A boarder understanding of chosen-ness would be one in whose framework we come to recognize that our destiny has a value only so long as it is fulfilled on behalf of the entire world. A Jamaican cab driver in New York City once said to me: “You Jews beat the while man at his own game.” I believe that he meant, at least in part, that we found a way to preserve our tradition and our culture, and at the same time, to thrive in the modern cosmopolitan world. Nation-states are by nature self-serving entities, focused on their own survival and desire to thrive. But what if we were to say that the significance of Jewish chosen–ness is that we must help humanity advance towards unity, and at the same time cultivate- rather than pluck out- the ancient roots of the varied cultures? Can our uniqueness infuse us with the courage necessary to cause our country to stop selling arms to corrupt regimes? Are we able to awaken ourselves into opposing economic treaties that serve our own interests but are damaging to poor countries? To what extent will we be willing to stick out our necks in order to prevent another genocide? To prevent the destruction of the planet?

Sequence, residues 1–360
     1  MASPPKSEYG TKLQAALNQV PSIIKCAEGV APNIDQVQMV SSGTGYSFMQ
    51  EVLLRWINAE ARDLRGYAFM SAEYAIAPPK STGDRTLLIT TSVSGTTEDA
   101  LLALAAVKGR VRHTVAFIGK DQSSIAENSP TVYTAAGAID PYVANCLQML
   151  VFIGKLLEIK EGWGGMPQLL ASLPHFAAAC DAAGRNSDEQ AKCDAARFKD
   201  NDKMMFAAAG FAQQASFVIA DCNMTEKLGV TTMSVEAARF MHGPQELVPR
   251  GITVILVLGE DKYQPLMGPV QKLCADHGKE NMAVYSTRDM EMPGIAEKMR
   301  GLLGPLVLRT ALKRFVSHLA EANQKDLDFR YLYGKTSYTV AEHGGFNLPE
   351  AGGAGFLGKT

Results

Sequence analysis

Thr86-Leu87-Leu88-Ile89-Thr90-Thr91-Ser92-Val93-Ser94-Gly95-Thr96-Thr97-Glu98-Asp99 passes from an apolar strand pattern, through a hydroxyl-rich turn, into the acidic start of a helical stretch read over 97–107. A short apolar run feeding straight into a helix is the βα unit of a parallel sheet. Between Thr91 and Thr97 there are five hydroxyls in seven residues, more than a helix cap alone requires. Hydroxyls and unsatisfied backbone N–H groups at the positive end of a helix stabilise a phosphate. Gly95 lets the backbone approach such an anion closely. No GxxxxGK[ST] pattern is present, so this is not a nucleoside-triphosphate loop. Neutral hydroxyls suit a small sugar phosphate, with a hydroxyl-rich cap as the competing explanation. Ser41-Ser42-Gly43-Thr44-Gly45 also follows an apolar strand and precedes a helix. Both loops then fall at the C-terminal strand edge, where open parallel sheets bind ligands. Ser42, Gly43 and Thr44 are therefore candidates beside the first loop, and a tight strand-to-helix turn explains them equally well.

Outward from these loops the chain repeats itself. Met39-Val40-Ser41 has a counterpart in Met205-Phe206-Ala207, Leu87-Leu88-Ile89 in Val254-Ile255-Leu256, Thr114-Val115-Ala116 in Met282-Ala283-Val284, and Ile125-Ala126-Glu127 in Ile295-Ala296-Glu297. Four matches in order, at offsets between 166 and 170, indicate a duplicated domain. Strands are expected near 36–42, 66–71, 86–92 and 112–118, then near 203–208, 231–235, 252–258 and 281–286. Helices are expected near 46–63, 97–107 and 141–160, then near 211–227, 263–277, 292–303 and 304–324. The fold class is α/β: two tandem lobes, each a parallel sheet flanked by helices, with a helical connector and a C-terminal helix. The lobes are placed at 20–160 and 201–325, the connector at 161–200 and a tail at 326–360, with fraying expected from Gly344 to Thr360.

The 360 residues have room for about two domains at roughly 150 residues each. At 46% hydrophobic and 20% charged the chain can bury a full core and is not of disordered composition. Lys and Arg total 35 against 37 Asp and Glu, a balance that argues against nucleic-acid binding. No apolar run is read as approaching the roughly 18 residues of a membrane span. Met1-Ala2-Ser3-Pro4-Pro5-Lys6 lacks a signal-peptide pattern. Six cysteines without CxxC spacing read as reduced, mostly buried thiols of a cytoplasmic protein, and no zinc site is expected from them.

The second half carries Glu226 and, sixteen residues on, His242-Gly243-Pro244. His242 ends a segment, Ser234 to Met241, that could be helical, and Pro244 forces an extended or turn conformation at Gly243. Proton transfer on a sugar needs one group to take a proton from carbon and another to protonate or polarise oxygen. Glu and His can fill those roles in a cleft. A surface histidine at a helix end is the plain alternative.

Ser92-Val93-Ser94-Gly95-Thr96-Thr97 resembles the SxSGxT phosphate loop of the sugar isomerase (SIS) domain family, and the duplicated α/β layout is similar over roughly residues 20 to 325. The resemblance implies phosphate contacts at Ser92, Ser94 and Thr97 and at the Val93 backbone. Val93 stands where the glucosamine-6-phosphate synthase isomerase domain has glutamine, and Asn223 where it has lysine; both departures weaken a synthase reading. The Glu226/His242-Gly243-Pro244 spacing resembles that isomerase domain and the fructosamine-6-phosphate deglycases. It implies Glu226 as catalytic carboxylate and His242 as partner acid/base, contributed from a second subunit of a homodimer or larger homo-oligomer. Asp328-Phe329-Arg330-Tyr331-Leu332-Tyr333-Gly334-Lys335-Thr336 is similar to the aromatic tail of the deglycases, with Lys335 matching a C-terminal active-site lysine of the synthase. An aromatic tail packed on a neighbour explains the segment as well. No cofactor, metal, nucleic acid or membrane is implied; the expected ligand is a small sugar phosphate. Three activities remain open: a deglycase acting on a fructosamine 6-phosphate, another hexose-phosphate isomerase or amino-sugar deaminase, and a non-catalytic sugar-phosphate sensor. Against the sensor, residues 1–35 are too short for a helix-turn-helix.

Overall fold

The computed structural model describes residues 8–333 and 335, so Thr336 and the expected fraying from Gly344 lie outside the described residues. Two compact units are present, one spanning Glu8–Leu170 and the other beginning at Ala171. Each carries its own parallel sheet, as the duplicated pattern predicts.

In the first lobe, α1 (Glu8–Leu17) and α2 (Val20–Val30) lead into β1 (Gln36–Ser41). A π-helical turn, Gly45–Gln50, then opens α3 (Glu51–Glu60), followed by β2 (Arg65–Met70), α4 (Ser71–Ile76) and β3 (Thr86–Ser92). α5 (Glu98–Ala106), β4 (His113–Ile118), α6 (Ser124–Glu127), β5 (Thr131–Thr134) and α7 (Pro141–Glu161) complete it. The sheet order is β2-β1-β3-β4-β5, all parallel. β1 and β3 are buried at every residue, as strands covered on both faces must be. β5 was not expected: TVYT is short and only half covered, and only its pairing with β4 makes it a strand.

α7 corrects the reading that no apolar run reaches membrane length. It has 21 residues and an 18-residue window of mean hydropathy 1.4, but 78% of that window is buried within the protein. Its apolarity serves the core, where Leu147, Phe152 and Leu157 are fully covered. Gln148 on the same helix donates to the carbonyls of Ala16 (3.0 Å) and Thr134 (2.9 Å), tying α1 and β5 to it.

A country is not able to do all of these things unless its citizens force it too, citizens who understand that their very identity and future depend on the ability to feel the world's pain as their own.